In the first quarter of 2009, the Federal Bailiffs' Service of the Russian Federation (FBSRF) refused 28,000 Russians permission to leave the country because of their debts. This is twice the number of Russian citizens denied permission to go abroad in 2008.
Tatyana Ignatyeva, Deputy Director of the FBSRF, told a press conference in Moscow, "In the first quarter of this year, 28,000 citizens liable for debts totaling 233 million rubles [$7 million] were prevented from leaving the country."
She reported that about 2,500 Russians prohibited from leaving the country had been apprehended while trying to cross the border in the first three months of the year.
Temporary restrictions on the right of debtors to go abroad have existed in Russia since 1996. The law governing departures from Russia prescribes seizure of a debtor's passport. This can happen at passport control at an airport, regardless possession of a ticket.
Cooperation between the Federal Bailiffs' Service and the Federal Migration Service (FMS) started at the beginning of 2008. The two departments agreed that before issuing a passport valid for foreign travel the FMS would check whether the citizen was registered on the FBSRF database. If he or she proved to be subject to a current court order, they could be denied a passport until settling their debts.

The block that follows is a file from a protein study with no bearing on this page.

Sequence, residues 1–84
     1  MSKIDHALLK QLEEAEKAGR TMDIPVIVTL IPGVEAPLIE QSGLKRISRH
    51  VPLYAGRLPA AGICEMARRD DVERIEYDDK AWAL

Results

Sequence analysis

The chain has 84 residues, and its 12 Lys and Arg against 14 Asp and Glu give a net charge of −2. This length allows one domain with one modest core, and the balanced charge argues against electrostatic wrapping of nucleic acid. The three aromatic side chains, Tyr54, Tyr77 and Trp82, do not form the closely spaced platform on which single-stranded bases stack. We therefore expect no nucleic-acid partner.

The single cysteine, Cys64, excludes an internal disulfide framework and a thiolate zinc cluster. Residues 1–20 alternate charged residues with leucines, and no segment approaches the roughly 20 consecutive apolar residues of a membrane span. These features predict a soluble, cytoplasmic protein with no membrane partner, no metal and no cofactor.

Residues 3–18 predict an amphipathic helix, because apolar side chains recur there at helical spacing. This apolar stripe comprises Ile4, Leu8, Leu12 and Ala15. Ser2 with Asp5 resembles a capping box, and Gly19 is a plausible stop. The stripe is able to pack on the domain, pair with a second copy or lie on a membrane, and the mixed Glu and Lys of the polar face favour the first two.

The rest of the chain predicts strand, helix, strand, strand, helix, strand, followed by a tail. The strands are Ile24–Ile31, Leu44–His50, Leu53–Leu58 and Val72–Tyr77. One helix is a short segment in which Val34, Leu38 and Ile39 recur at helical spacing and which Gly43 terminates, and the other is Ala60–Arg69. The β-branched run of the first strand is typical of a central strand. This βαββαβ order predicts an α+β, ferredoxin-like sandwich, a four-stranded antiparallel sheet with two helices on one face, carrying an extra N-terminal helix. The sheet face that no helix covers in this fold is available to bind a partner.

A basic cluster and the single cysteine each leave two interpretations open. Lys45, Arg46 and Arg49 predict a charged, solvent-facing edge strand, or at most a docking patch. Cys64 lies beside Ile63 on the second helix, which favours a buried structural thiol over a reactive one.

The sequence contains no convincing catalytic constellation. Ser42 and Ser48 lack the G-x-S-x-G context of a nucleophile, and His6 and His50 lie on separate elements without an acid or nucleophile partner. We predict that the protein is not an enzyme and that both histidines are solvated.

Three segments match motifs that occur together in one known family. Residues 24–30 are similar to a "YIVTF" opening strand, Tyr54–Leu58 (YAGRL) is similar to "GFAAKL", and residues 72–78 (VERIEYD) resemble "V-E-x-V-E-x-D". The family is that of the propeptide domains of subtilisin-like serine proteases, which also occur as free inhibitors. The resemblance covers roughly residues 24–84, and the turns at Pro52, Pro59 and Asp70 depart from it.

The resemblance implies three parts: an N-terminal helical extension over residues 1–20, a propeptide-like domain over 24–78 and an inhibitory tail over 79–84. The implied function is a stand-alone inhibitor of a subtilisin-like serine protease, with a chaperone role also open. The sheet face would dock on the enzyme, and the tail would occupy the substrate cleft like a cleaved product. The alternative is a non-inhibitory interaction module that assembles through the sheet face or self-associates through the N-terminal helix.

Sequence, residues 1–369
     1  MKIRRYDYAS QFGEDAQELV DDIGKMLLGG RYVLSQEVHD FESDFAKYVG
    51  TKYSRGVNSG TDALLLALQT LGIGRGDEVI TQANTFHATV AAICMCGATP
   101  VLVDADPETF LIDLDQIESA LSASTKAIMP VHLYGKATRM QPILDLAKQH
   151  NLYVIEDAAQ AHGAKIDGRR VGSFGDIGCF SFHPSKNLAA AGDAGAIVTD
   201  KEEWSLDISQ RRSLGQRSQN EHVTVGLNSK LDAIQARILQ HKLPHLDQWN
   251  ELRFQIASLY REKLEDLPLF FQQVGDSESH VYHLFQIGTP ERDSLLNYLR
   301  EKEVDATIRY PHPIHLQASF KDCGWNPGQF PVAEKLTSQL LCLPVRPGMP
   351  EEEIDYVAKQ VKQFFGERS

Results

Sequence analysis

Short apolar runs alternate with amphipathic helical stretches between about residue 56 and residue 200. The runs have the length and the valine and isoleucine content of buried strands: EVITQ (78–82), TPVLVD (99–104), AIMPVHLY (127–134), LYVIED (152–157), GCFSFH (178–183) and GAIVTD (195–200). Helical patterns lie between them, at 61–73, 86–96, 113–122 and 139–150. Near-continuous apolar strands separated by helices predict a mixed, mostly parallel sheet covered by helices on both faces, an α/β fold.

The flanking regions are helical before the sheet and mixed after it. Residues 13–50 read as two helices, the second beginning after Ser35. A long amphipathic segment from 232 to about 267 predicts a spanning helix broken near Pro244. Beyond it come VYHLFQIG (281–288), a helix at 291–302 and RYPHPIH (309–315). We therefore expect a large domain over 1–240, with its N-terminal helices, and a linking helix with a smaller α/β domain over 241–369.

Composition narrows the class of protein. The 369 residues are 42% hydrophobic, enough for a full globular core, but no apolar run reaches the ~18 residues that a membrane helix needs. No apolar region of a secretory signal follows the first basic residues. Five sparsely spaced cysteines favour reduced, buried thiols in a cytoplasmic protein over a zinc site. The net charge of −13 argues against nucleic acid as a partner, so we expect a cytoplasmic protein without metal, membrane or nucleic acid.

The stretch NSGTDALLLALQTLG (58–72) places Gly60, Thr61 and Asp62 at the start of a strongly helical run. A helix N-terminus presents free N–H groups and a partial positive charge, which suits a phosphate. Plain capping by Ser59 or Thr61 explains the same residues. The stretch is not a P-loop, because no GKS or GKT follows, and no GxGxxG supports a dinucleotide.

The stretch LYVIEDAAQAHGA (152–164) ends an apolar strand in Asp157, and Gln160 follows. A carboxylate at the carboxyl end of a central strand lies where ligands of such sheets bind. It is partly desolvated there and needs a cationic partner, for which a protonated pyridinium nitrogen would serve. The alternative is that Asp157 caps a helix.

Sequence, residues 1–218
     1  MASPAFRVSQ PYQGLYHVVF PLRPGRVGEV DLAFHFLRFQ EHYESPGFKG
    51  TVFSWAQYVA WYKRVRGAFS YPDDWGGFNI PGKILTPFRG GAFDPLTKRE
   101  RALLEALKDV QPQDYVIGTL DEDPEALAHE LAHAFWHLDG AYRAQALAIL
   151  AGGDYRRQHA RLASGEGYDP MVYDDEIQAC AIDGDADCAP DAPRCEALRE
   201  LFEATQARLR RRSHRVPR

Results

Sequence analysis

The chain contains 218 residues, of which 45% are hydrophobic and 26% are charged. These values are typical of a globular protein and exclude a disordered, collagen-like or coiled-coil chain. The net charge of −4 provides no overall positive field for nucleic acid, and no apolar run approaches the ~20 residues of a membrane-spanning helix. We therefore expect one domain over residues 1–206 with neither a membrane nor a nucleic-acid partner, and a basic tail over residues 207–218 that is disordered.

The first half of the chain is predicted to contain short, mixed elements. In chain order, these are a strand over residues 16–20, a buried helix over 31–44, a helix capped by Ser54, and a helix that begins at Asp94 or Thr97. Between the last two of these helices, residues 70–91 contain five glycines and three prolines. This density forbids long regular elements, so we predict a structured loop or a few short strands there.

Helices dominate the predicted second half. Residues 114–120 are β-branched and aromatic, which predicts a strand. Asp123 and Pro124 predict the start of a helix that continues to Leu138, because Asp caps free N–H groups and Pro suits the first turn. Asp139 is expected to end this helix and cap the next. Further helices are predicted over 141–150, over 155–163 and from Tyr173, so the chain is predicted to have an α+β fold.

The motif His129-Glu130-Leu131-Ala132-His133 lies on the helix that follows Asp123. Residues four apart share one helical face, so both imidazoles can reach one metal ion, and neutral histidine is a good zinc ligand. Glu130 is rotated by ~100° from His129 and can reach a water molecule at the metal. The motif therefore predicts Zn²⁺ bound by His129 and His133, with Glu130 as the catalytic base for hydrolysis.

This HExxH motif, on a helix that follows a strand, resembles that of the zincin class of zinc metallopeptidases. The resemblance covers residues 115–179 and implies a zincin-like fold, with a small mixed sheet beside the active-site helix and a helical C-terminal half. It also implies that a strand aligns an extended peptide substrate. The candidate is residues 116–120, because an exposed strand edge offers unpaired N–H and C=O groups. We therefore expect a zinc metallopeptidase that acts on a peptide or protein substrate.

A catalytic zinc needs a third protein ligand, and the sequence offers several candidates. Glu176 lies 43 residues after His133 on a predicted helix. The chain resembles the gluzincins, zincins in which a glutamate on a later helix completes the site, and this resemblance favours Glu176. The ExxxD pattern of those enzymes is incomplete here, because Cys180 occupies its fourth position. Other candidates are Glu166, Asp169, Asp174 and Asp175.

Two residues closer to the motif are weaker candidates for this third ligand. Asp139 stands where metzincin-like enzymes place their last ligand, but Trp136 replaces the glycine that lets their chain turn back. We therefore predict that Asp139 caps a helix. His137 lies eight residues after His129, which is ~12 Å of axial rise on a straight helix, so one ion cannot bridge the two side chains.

In principle this measure can be applied to any debtor regardless of the sum owed. Those denied permission to go abroad are primarily persistent non-payers who have defaulted on credit or on alimony payments, although debtors who have not paid, for example, a heavy traffic fine for a year can also find themselves on the "black list."
According to the law, debtors are notified that their right to leave the country has been restricted and that they have been denied a passport. The debt can only be settled through the FBSRF. If the debtor does not voluntarily pay the debt within five days, 7 percent is added to the sum owed. The Border service is informed that the debt has been settled within a month and then the former debtor is taken off the "black list."
The FBSRF is also drawing up rules which will allow it to restrict a debtor's right not just to go abroad, but to move within the Russian Federation.
In 2008 more than 83,000 citizens were unable to leave the country because of their debts, which totalled $25 million.
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